My colleague here at AW, Joshua Johnson, writes an interesting piece about the latest developments in Syria. Specifically, as it relates to the April 4th chemical weapons attack in the province of Idlib in the town of Khan Shaykhun.
My colleague would like you to believe to some extent that Bashar Al Assad is the victim here. The rebels were responsible for the attack while Assad’s forces are somehow blameless for bombing a village.
In a different direction, my colleague would like you to believe the entire foreign policy establishment is against Trump and somehow they just really, really want a war in Syria. Well, I am sorry my friends, the issue is not that black and white.
Bashar Al Assad is a secular leader who Christians and other religious minorities support because he is better for their interests than a likely rebel led Islamic government. But, Assad is also a brutal dictator who has little issue with doing whatever is necessary to hold power.
Now, there is little evidence that directly links the Assad regime with the chemical weapons attack as of now. But, we do know they were bombing the village. We also know that Assad has close ties with the Iranian regime. The same Iranian regime that has tons of chemical weapons and we somehow think will honor a nuclear non-proliferation agreement with the West.
I will say it does raise a red flag as to why Assad would order an attack after 1) the US seemed to back off regime change and 2) why Syria would back out of a 2013 agreement to remove its chemical weapons. Admittedly, Syria could have just manipulated the former administration like Iran did. And we cannot forget that Iran and Syria have close ties and it would not be difficult for Iran to smuggle chemical weapons to Syria.
Not that the rebels are saints by any means. They are just as brutal and repressive as Assad. They also have been reported to have been amassing chemical weapons. So, it is very possible as my colleague asserts the rebels were behind staging the chemical weapons in the village. Not that this absolves Assad from bombing a civilian town.
What we clearly cannot assert is what my colleague calls a “false flag” operation. It is true the rebels have been in contact with the CIA but so have elements of Assad’s government. That’s part of intelligence. Being involved with all sides in a multi-dimensional conflict such as Syria.
Secondly, we know the former administration was horrible at giving enough weapons to our supposed “allies” in the Middle East. It became so bad for some of our “allies” such as the Kurds they formally complained they would lose to ISIS if the US did not provide more support. Forgive me if I am doubtful we gave heavy weapons to the Syrian rebels. This is not even considering which rebels we gave them to.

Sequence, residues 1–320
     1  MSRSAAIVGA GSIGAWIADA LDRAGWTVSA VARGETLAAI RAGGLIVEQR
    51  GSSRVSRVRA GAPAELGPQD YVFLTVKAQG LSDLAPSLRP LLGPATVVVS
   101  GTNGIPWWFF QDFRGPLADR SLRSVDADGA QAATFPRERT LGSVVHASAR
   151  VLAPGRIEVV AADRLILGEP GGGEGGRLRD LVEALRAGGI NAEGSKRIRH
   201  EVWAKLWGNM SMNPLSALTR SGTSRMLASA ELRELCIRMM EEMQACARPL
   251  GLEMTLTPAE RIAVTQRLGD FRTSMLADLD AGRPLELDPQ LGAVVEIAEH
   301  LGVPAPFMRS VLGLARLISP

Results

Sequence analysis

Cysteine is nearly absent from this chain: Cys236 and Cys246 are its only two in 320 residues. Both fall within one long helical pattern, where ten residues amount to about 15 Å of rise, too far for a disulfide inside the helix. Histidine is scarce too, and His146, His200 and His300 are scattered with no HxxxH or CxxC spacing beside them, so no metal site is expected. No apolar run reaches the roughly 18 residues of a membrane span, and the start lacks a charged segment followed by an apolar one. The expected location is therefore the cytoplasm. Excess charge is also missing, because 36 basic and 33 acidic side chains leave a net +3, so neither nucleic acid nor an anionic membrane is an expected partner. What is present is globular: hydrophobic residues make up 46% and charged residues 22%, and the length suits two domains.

Now, it is true the intelligence services do not like Trump. As my colleague and many others have assumed, Steve Bannon was removed from the National Security Council for this very reason. Nevermind Bannon and Kushner have been going at it for months to establish a power base in the Trump administration.
The rest of my colleague’s assumptions read like a Tom Clancy novel. They also feed into the paranoia the entire US establishment somehow craves and wants war. No evidence is presented to this effect other than we cannot trust the media.
Nobody is blameless in Syria. Assad is a brutal dictator and the rebels are just as bad. If not more so. But, Americans should not feel sympathy for a brutal dictator who has killed thousands of innocents just because he curries favor with one group over another. Likewise, they should not give him a pass for his atrocities.
What we should not buy into is the idea the intelligence community is somehow creating an environment to remove Assad. The intelligence community and our military leaders have diverse backgrounds and there is no evidence they are marching in lockstep on Syria. The only thing they probably agree on is protecting American interests in the region.
Moving forward, new information will be revealed over time about the attack in Khan Shaykhun. It could have been all Assad? Iran could have manipulated certain elements in the theater of operations, whether rebels or Assad loyalists, to plant chemical weapons there.
But, all options should remain on the table in Syria. Neither the rebels nor Assad really represent US interests. As such, the US should be ready to act and not take removing Assad from power off the table. Fortunately recent events indicate this is the case.
You might be asking why? Because of ISIS. Russia and Iran have thrown massive resources into Syria to prop up Assad. The result has been Assad is now sure to remain in power.
That poses a dilemma for Trump. He promised to eliminate ISIS during the campaign. They control large swathes of Iraq and Syria. And Assad has left them largely alone. That would make Syria a safe haven for ISIS even if they were driven from Iraq. There is little to suggest Assad would side with US interests over his own by attacking ISIS or letting the US do so. Indeed, his bed is made with Russia and Iran.
This creates a contradiction for Trump. He wants to rein in Iranian hegemony in the region and eliminate ISIS. But he cannot do that if Syria is controlled by their puppet and propped up by a Russian government Trump wants to limit. Trump might harbor little ill will towards Russia, but even he recognizes they create dilemmas for US geo-political security.
These dilemmas cannot be placed at the feet of the “deep state” nor can they be blamed on “neocons.” These are the practical realities of the world we live in. Assad may or may not go. But his remaining in power props up Russia and Iran at a time when the US needs them limited to confront ISIS. That’s not the “deep state”. That’s a fact!